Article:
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Working toward a zero-waste-to-landfill goal

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Takeda is a global biopharmaceutical corporation with an ambitious zero-waste-to-landfill goal. BioLife, a subsidiary of Takeda, sought to develop prioritized recycling strategies in support of Takeda’s sustainability pledge and goals. A team of three Sustainable Business Lab (S-Lab) students tackled the project—hands on.

“We approached this challenge from various perspectives, utilizing both primary and secondary analysis methods,” says MBA student Beatriz Ramirez. “To analyze the waste composition, we conducted two physical audits at BioLife plasma donation centers.”

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Laura Cappellucci | MBA '17 and sustainable business lead for BioLife Plasma Services at Takeda
As a host, I was impressed by the team's ability to achieve so much in a short amount of time. They took the time to understand our core business operations, which allowed them to align their sustainability recommendations with our goal of providing a safe and excellent environment for plasma donations.

Learning waste disposal practices

During the first audit, the students collected waste samples from the reception, examination rooms, phlebotomy floors, and breakout areas. Next, they carefully labeled each bin, then separated the materials into waste and potentially recyclable categories. In the second audit, the team conducted a material-based analysis, separating, weighing, and recording the contents of each bin based on material type.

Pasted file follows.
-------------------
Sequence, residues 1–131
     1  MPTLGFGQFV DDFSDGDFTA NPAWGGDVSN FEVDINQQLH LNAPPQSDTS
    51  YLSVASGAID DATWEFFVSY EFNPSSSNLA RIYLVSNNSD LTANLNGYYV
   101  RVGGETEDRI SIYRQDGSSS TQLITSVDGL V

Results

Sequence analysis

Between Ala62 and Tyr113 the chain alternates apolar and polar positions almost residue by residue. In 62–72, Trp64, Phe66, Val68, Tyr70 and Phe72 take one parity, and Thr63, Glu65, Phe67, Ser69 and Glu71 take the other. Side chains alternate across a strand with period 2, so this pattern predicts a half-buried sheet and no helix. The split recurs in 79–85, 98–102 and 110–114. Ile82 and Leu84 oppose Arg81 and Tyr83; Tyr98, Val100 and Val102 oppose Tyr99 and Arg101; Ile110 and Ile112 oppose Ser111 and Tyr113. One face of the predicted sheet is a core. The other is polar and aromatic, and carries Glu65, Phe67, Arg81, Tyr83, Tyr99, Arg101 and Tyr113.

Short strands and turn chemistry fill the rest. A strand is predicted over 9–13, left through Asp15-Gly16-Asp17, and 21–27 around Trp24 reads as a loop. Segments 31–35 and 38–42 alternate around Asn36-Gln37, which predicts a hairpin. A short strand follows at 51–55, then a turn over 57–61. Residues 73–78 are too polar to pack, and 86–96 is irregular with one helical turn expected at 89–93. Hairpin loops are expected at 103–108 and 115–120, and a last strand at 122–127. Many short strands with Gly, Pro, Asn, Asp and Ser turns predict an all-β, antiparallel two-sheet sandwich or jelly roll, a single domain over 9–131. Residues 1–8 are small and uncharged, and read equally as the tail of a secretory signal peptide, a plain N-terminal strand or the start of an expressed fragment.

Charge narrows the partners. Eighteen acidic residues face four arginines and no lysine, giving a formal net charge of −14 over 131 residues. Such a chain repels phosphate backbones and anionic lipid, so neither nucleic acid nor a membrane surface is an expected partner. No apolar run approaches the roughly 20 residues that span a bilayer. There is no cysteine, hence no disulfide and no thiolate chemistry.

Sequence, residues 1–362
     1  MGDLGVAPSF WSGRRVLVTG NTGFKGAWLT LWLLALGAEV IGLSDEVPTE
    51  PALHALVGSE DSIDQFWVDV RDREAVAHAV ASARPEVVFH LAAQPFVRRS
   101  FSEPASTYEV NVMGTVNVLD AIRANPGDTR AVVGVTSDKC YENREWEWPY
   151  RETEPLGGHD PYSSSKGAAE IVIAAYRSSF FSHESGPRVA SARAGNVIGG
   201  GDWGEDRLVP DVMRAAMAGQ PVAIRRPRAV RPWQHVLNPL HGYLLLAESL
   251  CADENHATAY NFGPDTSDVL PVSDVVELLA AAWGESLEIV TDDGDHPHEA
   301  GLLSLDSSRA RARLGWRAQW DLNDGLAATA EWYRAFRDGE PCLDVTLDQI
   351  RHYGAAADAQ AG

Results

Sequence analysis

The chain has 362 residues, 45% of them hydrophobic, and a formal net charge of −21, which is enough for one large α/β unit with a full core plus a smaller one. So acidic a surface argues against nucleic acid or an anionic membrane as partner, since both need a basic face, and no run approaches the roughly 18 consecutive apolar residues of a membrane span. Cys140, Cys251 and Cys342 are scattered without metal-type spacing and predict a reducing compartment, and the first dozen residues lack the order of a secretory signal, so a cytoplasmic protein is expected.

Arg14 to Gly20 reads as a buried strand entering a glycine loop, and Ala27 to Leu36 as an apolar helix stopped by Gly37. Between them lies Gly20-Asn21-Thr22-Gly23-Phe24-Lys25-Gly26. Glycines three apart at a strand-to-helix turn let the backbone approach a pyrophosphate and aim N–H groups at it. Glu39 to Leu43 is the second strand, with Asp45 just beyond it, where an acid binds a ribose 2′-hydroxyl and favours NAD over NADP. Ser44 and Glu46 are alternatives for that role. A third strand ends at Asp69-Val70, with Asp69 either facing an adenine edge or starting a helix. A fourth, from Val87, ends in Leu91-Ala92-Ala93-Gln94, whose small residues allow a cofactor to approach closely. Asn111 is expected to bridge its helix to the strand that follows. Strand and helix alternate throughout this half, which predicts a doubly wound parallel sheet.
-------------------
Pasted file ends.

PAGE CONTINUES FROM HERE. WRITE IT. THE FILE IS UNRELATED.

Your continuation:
“This hands-on project helped me develop deep insights into recycling processes and waste segregation within large organizations,” says Sloan Fellows MBA (SFMBA) student Mahelaqua.

To gain further insights, the S-Lab team conducted face-to-face interviews with the staff at the centers. “These interviews helped us understand the waste disposal practices, identify pain points, and uncover potential areas for improvement,” Mahelaqua adds.

Applying classroom theory to the challenge

The team also used research and analysis methods they learned in the classroom to examine real-time data and inform BioLife’s decision-making. “In addition to primary methods, we employed secondary analysis techniques, such as causal loop diagrams,” says SFMBA student Wu Wei Ngau.

Throughout the project, the BioLife team actively participated and provided guidance, facilitating an ongoing exchange of ideas. This collaborative process allowed the students to deliver a refined and comprehensive recommendations report, Ramirez says.

The S-Lab team’s recommendations included:

  • Conducting regular on-site waste audits
  • Appointing a designated sustainability coordinator within donation centers
  • Distributing a shared waste reduction and recycling plan
  • Increased frequency of team training
  • Establishing more visual waste labeling systems
  • Setting up waste segregation and recycling stations

Accelerating the path to zero-waste-to-landfill

According to Laura Cappellucci, MBA ’17 and sustainability lead for BioLife Plasma Services at Takeda, the company is already using the analysis of non-recycled material to prioritize future diversion programs. Following the students’ recommendations, they plan to increase training frequency and enhance labeling throughout the center before the end of the year.

“The work of this team within the condensed 6-week period helped to accelerate our path to zero-waste-to-landfill by providing a deeper understanding of our current waste streams and prioritized opportunities for improvement,” says Cappellucci. “As a host, I was impressed by the team's ability to achieve so much in a short amount of time. They took the time to understand our core business operations, which allowed them to align their sustainability recommendations with our goal of providing a safe and excellent environment for plasma donations.”